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Carol Scott

Thinking about museums and controversy

Carol Scott - Sunday, November 01, 2015

In a world where positions are becoming more polarised, museums can expect to be on the receiving end of controversy at some time or other. I recently gave a paper at the ICOM Marketing and Public Relations conference held this year in Yerevan, Armenia from the 24th-28th October on the subject of Museums and Controversy and I would like to share the thoughts from that paper with you in a series of blog posts. This first one explores the potential sources of controversy in museums:

Collections: We find controversy in issues associated with our collections. One major source of contention is perceptions about the rightful ownership of objects with an increasing focus on repatriation. There are other areas. In these challenging economic times, some museums have considered ‘de-accessioning’ objects to manage escalating operating costs or to purchase new works- a move often accompanied by outcry and dismay from the public and other professionals. And the provenance of objects acquired by museums and galleries, often in good faith, has been the subject of more intense public scrutiny in recent years.

Inclusions and exclusions are a contested area. Who is included? Whose voice is heard? There has been controversy over the exclusions of women, migrant groups, indigenous cultures and different expressions of sexuality. Inclusion has not, in itself, eliminated controversy because conflict can then arise over representation of difference.

Standards, ethics and mores: Controversy is also played out through questions of what is admissible according to standards, ethics and mores. The exhibition of human remains is a contested area, sexuality in its myriad forms can provoke dispute- and art, with its capacity to bring with it ‘the shock of the new’, still contains the power to deeply divide public opinion.

Important collective narratives can be a source of discord. There are divergent views on how we represent war from lionising heroism and nationalism to deploring the inhumanity of war, the huge social cost to generations and the targeting of specific groups through holocausts and genocides. The contention around national narratives has witnessed overt intervention from at least one government that did not subscribe to the notion of plurality and diversity in interpreting the national story.   The origins of the world and its species are currently a highly polarised debate between creationists and scientists.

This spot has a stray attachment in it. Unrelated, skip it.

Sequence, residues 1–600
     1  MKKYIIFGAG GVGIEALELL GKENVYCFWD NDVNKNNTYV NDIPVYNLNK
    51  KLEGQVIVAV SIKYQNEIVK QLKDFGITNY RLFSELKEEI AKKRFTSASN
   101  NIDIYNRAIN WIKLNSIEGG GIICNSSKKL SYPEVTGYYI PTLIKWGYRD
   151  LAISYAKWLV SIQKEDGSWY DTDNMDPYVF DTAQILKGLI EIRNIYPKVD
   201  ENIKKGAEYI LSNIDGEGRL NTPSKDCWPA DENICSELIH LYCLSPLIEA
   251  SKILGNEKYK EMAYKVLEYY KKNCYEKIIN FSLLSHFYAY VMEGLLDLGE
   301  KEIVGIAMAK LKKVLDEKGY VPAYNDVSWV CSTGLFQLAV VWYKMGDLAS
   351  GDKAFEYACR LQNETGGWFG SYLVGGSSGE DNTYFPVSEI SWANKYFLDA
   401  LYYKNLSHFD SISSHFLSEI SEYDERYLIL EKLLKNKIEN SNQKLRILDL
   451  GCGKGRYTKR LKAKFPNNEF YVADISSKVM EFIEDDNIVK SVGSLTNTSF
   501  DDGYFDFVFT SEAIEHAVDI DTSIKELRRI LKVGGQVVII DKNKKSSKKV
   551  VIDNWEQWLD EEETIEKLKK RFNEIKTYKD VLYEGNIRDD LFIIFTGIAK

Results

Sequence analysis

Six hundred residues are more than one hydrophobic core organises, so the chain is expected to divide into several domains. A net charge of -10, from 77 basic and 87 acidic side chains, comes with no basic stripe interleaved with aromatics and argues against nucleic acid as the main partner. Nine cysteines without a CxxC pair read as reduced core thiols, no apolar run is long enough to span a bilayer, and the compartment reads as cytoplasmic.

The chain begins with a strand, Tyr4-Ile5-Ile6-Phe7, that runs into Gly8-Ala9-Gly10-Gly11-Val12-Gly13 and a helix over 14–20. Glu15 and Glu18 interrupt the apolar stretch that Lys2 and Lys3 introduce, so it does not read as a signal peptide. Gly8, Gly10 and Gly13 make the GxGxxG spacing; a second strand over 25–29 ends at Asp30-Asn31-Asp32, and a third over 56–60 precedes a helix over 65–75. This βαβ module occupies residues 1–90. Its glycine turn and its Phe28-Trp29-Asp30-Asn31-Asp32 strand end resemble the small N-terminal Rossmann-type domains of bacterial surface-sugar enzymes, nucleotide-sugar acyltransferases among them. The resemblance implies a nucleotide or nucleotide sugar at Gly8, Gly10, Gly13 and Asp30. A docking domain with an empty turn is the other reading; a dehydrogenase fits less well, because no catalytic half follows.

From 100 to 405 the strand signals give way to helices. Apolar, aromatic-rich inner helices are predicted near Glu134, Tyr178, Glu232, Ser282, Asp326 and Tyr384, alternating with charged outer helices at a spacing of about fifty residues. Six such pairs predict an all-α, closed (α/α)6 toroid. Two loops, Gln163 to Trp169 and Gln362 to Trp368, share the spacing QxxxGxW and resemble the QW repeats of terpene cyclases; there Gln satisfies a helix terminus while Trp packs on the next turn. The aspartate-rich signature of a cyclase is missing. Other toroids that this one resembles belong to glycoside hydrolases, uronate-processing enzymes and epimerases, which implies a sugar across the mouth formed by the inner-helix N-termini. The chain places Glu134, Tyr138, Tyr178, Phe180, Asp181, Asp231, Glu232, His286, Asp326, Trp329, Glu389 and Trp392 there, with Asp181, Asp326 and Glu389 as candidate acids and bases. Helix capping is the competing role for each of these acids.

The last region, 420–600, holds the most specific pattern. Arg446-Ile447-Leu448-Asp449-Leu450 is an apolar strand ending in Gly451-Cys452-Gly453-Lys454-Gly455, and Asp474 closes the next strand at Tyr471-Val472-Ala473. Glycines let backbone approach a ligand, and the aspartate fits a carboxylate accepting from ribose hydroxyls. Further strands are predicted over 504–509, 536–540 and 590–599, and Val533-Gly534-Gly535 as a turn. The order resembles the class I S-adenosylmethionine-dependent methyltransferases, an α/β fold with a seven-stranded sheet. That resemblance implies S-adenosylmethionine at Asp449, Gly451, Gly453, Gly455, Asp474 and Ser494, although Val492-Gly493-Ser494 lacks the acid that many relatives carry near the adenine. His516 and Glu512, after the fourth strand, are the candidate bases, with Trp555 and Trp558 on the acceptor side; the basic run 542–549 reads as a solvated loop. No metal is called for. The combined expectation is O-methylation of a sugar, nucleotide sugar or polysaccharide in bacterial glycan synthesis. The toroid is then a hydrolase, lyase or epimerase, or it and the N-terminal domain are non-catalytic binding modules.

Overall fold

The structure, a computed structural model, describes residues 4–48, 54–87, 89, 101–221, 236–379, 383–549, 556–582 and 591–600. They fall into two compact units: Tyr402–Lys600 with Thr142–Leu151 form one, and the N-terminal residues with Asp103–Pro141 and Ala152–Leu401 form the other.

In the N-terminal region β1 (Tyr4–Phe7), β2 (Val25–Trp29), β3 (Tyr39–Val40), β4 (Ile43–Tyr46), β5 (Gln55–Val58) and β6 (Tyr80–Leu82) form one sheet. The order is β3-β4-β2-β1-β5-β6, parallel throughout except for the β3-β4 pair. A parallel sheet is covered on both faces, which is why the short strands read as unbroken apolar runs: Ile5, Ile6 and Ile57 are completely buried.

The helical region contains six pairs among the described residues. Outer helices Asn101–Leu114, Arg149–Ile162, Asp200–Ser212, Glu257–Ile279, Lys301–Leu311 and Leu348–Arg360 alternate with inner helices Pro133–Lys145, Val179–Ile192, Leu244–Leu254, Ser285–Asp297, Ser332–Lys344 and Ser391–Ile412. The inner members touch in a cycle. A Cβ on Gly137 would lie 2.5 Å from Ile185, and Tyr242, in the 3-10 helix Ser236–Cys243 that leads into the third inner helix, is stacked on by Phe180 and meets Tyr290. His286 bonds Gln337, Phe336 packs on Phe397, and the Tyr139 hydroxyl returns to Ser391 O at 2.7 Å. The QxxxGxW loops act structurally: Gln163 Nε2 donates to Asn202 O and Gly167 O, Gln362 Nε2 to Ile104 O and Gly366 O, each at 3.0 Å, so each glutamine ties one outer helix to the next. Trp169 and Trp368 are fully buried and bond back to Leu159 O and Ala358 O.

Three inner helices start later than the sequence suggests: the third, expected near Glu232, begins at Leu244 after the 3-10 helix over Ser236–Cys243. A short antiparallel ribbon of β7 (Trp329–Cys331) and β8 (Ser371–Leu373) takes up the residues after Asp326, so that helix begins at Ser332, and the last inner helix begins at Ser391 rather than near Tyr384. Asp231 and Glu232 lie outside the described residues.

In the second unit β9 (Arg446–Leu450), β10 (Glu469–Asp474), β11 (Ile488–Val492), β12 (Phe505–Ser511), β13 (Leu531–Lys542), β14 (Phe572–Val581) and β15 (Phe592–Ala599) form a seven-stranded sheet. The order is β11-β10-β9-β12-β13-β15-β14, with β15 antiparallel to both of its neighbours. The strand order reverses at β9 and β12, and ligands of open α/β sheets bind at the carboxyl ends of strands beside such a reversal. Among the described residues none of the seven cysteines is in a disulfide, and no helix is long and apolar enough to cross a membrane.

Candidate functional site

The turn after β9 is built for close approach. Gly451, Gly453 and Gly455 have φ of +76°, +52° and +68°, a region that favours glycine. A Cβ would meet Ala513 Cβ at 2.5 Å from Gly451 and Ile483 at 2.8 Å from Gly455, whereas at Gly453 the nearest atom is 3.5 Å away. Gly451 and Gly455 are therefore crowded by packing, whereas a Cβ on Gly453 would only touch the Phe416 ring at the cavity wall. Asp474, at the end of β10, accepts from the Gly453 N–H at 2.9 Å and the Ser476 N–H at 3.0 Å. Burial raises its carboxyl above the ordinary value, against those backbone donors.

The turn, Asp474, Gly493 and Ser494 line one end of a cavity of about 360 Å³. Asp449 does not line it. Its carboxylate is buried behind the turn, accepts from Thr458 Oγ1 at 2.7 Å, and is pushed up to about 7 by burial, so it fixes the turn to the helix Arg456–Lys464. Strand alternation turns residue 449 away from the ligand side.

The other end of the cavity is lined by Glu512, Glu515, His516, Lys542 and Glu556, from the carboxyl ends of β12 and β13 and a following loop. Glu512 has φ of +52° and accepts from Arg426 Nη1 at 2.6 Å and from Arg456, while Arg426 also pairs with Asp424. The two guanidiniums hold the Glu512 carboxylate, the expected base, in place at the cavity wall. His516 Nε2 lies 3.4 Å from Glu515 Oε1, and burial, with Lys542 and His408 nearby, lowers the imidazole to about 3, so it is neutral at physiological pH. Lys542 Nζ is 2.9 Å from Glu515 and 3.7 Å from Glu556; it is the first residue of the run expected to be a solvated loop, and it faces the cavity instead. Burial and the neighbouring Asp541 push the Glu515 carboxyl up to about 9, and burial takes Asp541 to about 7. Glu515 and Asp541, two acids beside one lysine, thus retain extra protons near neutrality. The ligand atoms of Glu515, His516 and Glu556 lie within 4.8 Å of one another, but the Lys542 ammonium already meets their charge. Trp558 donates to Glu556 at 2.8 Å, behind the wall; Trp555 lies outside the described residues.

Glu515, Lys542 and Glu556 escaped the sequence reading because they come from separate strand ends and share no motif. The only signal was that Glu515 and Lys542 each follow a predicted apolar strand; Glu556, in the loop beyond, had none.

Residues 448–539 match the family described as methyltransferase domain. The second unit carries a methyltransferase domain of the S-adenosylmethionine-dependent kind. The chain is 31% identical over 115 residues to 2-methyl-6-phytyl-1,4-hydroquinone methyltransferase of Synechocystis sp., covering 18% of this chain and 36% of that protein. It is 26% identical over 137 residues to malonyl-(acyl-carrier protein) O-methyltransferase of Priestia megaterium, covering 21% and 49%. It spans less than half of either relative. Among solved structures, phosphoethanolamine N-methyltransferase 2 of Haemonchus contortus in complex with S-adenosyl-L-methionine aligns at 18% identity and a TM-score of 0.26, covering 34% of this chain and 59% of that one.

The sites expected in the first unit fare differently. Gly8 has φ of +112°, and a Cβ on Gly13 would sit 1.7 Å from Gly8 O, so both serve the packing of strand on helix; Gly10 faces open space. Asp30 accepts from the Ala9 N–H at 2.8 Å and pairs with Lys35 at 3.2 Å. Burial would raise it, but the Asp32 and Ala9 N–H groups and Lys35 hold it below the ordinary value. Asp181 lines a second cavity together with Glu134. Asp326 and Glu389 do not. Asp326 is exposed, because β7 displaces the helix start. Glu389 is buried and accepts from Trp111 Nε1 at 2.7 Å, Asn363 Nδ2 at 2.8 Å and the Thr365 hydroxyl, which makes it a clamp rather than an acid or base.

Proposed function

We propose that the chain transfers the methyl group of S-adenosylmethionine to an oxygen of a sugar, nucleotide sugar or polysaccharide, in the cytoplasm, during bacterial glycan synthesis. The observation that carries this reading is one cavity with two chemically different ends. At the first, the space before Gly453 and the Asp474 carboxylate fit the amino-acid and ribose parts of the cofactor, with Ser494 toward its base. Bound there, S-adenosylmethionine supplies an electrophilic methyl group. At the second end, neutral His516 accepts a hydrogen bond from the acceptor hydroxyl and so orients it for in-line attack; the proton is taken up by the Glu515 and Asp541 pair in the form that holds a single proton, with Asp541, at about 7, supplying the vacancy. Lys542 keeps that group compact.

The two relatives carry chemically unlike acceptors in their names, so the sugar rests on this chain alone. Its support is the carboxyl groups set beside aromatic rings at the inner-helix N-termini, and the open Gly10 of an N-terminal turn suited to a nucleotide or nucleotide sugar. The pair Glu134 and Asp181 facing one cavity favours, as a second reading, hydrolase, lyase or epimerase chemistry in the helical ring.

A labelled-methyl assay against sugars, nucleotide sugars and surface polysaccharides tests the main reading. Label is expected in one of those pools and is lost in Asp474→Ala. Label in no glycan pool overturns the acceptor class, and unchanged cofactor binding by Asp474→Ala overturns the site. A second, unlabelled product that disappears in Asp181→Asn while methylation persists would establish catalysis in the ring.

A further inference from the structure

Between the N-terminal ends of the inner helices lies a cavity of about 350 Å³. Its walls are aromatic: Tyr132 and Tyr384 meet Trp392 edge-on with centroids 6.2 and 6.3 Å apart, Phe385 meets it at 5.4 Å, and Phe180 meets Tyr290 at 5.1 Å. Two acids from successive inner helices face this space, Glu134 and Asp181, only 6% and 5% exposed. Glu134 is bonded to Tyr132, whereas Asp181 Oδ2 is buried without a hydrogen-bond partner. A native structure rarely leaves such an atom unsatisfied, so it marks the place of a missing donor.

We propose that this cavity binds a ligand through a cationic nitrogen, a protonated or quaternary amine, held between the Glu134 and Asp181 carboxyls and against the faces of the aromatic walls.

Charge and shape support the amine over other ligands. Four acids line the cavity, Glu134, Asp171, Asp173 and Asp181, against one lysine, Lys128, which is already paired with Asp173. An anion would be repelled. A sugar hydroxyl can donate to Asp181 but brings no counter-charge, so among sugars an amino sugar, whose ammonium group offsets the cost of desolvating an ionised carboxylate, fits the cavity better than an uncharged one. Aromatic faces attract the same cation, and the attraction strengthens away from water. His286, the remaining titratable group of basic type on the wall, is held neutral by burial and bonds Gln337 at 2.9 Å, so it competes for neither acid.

Emerging or unresolved social issues which come accompanied by divergent views and value positions are often sources of controversy. Whether these are perceived as being linked in some way to larger geo-political conflicts, reflect deep divisions within a society or explore issues around which there are contested positions, museums can find themselves in the centre of a maelstrom.

Funding: As public investment decreases, museums are required to become more entrepreneurial and to seek greater input from sponsors, donors and foundations. What are the ethical issues involved in partnering with outside funders? Museum ethics policies are beginning to reflect the situation. The Canadian Museum Association’s ethics guidelines state clearly that any sponsorship or partnership with an external partner must not compromise the institutional mandate or the museum’s public trust responsibilities.  In the same spirit, the UK Museums Association’s draft code of ethics maintains that financial support from commercial organisations and other outside sources is acceptable provided that it does not compromise the integrity of the museum.

These six areas begin to ‘map’ the situations where controversy may occur. In the next blog, I discuss the subject of establishing guidelines to manage controversy.

 

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